A man in a woman’s world…..Male coach defies stereotypes and mistrust to form and lead netball team

The Chronicle

Ricky Zililo, Senior Sports Reporter
THE sight of a man coaching netball teams is not novel, but how such men got to love a women’s sport and become forces to reckon with in a female dominated game raises many questions.

Some men find themselves getting involved in netball because of work commitments, starting off as fitness instructors while others are driven by passion and a desire to help girls hone their talents and scale greater heights.

35-year-old Bhekimpilo Mabhena, who is fondly known as Bishop, the Old Magwegwe-bred fashion designer “accidentally” found himself in the netball world after winning a national award and was asked what he was doing to pay back to the community that supports his craft in 2015.

Bhekimpilo Mabhena

Bishop says the question by design sponsors caught him unawares, but after some soul searching, he realised that he had done nothing to serve his community and that is when he decided to form Lethal Angels, a club that is based at Magwegwe Youth Centre.

“I’m a designer by profession. Growing up, I used to play street soccer but when I went for a certain fashion design competition under M-Pritex Zimbabwe in 2015, which I won the best enterprise awards, there was a question posed to me, they asked what I was doing to pay back the community and after some soul searching, I recognised I did absolutely nothing.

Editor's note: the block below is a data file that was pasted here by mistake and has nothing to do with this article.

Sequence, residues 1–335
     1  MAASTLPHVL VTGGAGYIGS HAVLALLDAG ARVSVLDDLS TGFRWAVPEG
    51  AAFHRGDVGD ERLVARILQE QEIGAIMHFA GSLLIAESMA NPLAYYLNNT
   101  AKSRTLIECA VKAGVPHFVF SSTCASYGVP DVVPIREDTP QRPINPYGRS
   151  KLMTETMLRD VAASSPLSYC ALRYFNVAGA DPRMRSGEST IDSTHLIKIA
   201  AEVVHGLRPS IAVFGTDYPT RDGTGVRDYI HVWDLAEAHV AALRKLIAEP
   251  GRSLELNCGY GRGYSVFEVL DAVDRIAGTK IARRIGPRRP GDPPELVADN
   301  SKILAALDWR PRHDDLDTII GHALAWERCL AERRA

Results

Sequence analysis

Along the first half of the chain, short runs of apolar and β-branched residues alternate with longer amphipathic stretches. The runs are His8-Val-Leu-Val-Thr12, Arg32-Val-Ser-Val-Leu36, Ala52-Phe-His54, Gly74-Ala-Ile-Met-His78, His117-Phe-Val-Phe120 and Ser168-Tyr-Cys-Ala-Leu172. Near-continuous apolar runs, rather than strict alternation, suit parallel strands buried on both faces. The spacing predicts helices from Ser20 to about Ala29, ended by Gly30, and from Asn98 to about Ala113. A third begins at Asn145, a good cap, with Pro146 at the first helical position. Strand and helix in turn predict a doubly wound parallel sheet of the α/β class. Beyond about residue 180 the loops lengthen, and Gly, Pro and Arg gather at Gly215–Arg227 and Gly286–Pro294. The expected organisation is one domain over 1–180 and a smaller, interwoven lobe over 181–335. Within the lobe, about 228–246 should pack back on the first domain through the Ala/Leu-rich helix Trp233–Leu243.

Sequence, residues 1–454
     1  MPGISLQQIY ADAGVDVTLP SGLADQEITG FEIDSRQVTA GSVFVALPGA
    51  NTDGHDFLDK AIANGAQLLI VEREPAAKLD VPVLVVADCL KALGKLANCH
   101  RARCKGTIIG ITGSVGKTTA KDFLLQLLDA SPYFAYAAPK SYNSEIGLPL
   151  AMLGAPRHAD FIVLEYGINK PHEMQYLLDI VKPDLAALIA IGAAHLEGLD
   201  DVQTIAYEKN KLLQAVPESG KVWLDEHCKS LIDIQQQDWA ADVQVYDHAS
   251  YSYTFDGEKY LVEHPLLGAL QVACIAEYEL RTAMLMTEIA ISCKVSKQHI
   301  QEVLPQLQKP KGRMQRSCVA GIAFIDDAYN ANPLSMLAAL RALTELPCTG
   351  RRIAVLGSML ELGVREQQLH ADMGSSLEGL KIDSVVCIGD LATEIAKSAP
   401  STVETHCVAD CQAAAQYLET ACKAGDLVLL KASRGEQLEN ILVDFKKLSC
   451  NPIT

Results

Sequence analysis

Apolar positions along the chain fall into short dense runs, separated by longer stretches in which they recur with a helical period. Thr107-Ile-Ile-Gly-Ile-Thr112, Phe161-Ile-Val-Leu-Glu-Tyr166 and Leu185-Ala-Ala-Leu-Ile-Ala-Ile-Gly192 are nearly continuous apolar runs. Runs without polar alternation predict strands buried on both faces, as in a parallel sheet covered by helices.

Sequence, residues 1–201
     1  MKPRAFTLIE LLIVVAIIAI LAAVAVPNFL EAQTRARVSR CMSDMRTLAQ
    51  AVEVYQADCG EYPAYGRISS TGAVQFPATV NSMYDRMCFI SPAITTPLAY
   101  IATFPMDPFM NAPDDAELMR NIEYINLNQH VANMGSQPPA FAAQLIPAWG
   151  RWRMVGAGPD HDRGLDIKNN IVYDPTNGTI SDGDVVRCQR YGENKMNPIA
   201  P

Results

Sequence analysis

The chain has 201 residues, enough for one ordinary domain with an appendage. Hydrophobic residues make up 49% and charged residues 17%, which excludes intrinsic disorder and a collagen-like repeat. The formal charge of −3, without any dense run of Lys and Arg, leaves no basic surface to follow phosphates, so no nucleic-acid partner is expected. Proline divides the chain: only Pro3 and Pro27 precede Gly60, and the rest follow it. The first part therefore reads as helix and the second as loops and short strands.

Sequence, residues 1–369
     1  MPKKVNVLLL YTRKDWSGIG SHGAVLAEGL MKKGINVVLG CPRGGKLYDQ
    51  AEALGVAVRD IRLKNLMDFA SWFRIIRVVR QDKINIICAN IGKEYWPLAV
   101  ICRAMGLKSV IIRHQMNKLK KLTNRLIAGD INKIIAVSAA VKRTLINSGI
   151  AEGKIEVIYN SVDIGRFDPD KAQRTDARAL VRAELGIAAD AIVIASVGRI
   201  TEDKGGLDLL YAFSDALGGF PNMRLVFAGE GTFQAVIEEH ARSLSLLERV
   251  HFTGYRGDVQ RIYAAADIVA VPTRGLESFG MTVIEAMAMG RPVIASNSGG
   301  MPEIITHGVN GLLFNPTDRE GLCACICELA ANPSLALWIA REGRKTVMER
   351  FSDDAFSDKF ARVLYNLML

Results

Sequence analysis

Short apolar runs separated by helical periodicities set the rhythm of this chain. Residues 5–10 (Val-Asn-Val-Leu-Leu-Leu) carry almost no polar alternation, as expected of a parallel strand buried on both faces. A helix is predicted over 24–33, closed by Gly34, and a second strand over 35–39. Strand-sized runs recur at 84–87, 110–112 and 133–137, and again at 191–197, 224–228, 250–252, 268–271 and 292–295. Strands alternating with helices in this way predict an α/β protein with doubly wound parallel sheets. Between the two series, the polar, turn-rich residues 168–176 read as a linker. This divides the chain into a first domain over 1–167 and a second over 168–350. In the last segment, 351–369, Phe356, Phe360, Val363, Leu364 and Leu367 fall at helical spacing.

“I then came here at Magwegwe Youth Centre and started mobilising young children, training them. I didn’t know anything about netball, so I started learning and researching more on netball. That’s how I started Lethal Angels and we’ve grown over the years,” said Mabhena.

He is following in the footsteps of legendary male coaches in netball who include Janota Phiri who produced a number of national team players while at Railstars and former Zimbabwe national team gaffer Lloyd Makunde, who led the country to its maiden World Cup in the United Kingdom in 2019.


Makunde has since relocated to Namibia where he is assistant coach to Mary Waya and has been assigned to lead the Desert Jewels’ 2023 World Cup qualification. Mabhena’s Lethal Angels have been competing in the National Aids Council (Nac) sponsored HIV/Aids Netball Prevention League since their formation.

He has been funding the club from his pocket, proceeds coming from the little profit that he gets from his fashion design gigs.

At times well-wishers ease the burden, but the club is far from being a well kitted or well-resourced side as evidenced by their appearances, lack of uniformity or equipment at their training base.

As much as they are in dire need of financial assistance to get transport to games, pay umpires and get refreshments for the girls, Mabhena thinks it’s best for well-wishers to get them what they can afford.